The Anglican church continues to be the state church, and with other religions being persecuted until the early 19th century, became the majority religion. Catholics, the only legal religion until , suffered severe persecution over the next three centuries. Despite this, they survived in low numbers, especially in the north of England.
In all persecution against Catholics ended. Between the mid nineteenth century and mid twentieth century the number of Catholics increased due to Irish immigration and conversions from Anglicanism. Traditionally, any Protestant religion in England that is not Anglican is referred to as non-conformist. Protestant dissent against Anglicanism began in the reign of Elizabeth I , and these dissenters sought a more "pure" Protestantism, thus the name "Puritan".
Puritans were strongly linked to the side of Parliament in the English Civil War. Following the restoration of the Monarchy, the Act of Uniformity clarified Anglican doctrine and persecuted those who did not adhere to it. Persecution was relaxed in Methodism was started later, by John Wesley By , there were 4. The Puritan movement split in two: the Presbyterians and the Separatists. Many Puritans backed Parliament, which defeated and executed Charles I. Nonconformists were allowed their own places of worship and their own teachers, if they accepted certain oaths of allegiance.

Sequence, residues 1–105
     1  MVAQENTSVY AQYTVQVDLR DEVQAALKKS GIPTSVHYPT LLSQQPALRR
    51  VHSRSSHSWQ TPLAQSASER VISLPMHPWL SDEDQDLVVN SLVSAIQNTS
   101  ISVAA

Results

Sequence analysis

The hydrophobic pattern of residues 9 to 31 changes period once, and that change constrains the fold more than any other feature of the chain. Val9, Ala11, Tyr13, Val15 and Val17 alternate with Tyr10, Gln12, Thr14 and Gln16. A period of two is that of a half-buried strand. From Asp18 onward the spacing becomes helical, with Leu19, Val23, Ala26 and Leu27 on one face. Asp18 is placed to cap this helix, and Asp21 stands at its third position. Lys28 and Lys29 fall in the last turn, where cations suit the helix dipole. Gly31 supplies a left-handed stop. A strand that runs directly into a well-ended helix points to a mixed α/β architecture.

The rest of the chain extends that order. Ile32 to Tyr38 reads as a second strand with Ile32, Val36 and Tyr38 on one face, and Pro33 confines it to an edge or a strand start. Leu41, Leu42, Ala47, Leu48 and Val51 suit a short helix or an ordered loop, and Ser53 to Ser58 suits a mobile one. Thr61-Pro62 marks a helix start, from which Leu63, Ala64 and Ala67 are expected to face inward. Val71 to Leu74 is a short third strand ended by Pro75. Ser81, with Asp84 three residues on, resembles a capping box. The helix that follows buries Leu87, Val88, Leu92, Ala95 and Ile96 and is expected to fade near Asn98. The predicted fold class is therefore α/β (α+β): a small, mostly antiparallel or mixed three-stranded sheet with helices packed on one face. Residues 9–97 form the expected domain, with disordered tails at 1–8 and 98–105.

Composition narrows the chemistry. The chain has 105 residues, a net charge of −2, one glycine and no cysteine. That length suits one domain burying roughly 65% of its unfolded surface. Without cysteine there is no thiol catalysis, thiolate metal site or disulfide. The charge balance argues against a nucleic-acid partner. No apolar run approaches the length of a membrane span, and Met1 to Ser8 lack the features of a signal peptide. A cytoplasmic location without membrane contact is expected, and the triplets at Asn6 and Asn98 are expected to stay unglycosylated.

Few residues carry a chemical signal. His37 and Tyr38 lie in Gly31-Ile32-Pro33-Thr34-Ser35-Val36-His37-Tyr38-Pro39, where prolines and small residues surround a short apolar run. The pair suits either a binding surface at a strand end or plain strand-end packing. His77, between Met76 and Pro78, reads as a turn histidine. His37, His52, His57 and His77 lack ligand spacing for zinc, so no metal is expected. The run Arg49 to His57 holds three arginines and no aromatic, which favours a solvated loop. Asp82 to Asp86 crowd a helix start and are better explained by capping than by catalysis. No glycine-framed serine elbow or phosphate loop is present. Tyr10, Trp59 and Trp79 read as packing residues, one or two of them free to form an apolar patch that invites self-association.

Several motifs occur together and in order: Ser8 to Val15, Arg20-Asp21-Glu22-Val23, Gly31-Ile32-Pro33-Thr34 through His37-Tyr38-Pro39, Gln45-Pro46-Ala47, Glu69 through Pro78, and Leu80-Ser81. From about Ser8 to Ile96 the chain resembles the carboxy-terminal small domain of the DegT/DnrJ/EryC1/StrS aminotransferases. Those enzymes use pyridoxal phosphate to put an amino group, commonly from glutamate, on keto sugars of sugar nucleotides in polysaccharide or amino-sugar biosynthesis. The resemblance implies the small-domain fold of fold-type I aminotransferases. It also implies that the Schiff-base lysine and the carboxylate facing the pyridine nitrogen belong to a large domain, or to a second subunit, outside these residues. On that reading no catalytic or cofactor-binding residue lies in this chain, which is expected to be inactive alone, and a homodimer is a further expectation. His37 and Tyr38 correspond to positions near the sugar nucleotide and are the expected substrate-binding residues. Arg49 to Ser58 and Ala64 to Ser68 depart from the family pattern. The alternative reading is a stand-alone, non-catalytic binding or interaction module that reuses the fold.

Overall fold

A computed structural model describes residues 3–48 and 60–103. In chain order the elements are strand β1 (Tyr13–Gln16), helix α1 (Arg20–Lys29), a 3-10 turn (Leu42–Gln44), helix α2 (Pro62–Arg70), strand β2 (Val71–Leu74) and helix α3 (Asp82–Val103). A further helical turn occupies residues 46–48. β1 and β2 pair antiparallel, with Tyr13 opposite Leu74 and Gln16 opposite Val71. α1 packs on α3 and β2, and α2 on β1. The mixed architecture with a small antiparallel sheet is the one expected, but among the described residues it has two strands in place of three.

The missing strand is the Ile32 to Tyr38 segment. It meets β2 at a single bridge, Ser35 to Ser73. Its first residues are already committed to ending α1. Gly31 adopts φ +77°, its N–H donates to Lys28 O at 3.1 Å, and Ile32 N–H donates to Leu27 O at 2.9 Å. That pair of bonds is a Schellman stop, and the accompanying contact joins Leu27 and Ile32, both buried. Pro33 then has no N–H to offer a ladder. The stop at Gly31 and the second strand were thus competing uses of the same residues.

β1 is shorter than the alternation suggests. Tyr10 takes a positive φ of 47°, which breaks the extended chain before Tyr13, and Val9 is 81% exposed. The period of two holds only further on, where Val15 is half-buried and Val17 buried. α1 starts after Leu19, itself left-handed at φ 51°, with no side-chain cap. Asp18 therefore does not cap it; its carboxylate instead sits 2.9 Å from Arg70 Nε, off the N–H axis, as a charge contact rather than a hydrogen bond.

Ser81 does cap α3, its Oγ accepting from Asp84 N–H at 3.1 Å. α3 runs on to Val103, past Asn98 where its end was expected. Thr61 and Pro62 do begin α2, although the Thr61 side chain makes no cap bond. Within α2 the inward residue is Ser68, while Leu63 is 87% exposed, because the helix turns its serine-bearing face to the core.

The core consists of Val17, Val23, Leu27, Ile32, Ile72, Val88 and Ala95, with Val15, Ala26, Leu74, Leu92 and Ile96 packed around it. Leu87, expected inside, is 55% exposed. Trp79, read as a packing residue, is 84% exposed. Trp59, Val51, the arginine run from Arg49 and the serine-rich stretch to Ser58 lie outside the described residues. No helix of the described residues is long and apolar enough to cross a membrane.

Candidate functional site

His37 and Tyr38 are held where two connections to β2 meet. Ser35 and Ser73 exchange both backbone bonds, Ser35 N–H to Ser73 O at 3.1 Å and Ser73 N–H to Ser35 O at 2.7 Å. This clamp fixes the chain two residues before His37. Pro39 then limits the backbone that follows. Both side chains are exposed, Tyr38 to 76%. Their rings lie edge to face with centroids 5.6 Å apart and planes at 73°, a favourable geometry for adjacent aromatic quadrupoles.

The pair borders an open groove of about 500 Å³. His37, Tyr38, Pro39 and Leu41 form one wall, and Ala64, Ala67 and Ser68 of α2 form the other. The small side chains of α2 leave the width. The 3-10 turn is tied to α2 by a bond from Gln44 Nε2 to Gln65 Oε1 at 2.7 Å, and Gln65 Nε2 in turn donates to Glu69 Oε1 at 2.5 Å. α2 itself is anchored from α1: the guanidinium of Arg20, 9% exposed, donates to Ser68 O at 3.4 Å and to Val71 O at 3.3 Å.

The movement becomes known as the Plymouth Brethren. However, about Congregational churches have continued in their historic independent tradition. The following major events affected church history and the records. England History mentions other specific events.
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This record became known as the "parish register. Ministers were required to send copies of their parish registers to the bishop of the diocese. A fine was imposed for not complying. Many people obeyed regarding burials, but baptisms and marriages continued in secret. These records are unique among English religious records because they are so detailed. To avoid the tax, some people did not register events. In effect, it placed a bounty on Catholic priests.
Protestantism in the United Kingdom
Common law marriages were also outlawed. Some laws against Roman Catholics were repealed, including those related to taking and prosecuting priests. Catholics were also enabled to inherit and purchase land.